Here are a pair of shoes rescued from Landfill. These shoes retail for $75 on sale now for $50.


My co-worker, Robin Rilette, was uneasy when I told her what I did for the weekend. I have a feeling, she is shocked by what I found and thinking...how wasteful Americans are. But Wait! There's more!

Very nice clothes including a GAP jean jacket.


Outdoor Bar that needs one leg fixed (got a pal who can do that) and wash the cover!


This amused me. Recycling bin in the trash, next to paper, next to barley worn shoes.


More furniture...


I had to drop off a key at Thom Kokenge's and this was after a round of "Rescuing Things." He was amazed! Except with one of my arty pieces. It is now hanging artwork on someone's garage! Out of the landfill - safely above a garbage can - viewed by alley cats and happy to be reused.




Tomorrow I will share my thoughts about this experience and what I plan to do with my found treasures. Oh. And I will share my convesation with my mother - who lost a night's sleep because of me!

7 comments:

flyingfreckle said...

I started dumpster diving in 1964 at the age of 9. Motive? I was hungry, and inevitably ate my sack lunch while walking the 6 blocks to school. When lunchtime rolled around, my two brothers and I would begin our quest to find food. My 11-year-old brother would try to wheel-and-deal food out of the other kids, my 8-year-old brother would work the "pity" angle and I would head into the garbage cans. Mostly I got all my daily vegetable requirements covered, as that was the biggest bulk of discarded food, but occasionally I would score fruit, which was my favorite.

My brothers and I are all grown now but our basic approach to life is the same as those early days. But for me, diving has been a combination of a scavenger hunt, a treasure hunt and Christmas. Frankly, living in a college town is a dumpster diver's dream.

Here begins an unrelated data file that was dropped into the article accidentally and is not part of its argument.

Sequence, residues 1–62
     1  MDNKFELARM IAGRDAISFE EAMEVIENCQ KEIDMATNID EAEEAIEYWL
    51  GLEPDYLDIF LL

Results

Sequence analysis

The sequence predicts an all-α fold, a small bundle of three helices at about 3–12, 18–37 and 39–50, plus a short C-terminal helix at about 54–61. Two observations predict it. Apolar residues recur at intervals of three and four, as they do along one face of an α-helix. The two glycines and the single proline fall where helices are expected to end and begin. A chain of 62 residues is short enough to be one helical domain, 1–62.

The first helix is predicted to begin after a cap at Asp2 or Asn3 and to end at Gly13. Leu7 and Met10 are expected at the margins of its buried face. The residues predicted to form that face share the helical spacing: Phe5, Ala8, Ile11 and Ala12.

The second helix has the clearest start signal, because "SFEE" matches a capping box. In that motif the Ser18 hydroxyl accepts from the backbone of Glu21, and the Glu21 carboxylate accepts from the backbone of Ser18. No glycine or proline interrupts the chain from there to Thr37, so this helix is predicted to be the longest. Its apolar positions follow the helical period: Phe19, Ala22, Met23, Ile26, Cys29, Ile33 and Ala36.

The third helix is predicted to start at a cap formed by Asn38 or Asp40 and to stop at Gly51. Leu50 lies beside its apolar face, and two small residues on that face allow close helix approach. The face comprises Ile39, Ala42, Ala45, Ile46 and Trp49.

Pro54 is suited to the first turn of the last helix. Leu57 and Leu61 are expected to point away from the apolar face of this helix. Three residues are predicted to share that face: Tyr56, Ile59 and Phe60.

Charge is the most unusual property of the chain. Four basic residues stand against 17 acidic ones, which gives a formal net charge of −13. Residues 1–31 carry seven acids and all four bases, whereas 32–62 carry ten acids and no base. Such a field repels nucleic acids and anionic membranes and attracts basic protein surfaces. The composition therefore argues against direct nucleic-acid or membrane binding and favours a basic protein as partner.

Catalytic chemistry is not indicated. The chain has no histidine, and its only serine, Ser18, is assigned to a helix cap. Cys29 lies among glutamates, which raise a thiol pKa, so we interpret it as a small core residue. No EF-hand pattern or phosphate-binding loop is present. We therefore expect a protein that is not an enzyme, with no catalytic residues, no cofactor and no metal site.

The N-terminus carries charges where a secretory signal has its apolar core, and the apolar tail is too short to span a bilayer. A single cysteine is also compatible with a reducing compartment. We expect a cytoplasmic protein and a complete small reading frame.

Zololkis said...
This comment has been removed by a blog administrator.
justme27 said...

Great post! I will have to try department store dumpsters now. Today I'm waiting till I get off work to grab some Little Tykes outdoor toys that were left at the curb. :)

justme27 said...

Great post! I will have to try department store dumpsters now. Today I'm waiting till I get off work to grab some Little Tykes outdoor toys that were left at the curb. :)

Anonymous said...

Last year while living at an apartment complex I found a Sony Vaio laptop that only needed blowing the dust out of the fan and the operating system reinstalled. Blowing the dust was free but the Sony reinstall disk was about $12 from Sony. Now I have a very nice laptop, that is only 1 1/2 years old and my total cost is $12 plus a little TLC. Also while living there I found bicycles, BBQ grills, a perfectly good leather executive chair, numerous bar stools, shelving and many other useful products. Dumster divers forever!!

Anonymous said...

Last year while living at an apartment complex I found a Sony Vaio laptop that only needed blowing the dust out of the fan and the operating system reinstalled. Blowing the dust was free but the Sony reinstall disk was about $12 from Sony. Now I have a very nice laptop, that is only 1 1/2 years old and my total cost is $12 plus a little TLC. Also while living there I found bicycles, BBQ grills, a perfectly good leather executive chair, numerous bar stools, shelving and many other useful products. Dumster divers forever!!

Anonymous said...

I can happily say that I've been dumpster diving for years. I have never paid for a single piece of furniture in my entire "single" life.
I've found sofas, loveseats, barstools, entertainment centers, stereo cabinets, bedframes, dressers, nightstands, end tables,
kitchen tables, chairs beyond number, and a whole slew of other useful things. Oftentimes things will need a bit of cleaning,
but if you're willing to put in some scrubbing, you can furnish an entire house or apartment for absolutely nothing, with decent-looking furniture.
I've even sold a few pieces of furniture for $50-60, after getting them for free and using them for a few years!
My best find, though, happens to be my prized "Wassily Bauhaus Chair". Go ahead, google it to check the prices.
I got it from the curb, next to someone's trashbin, and I'll never give it up.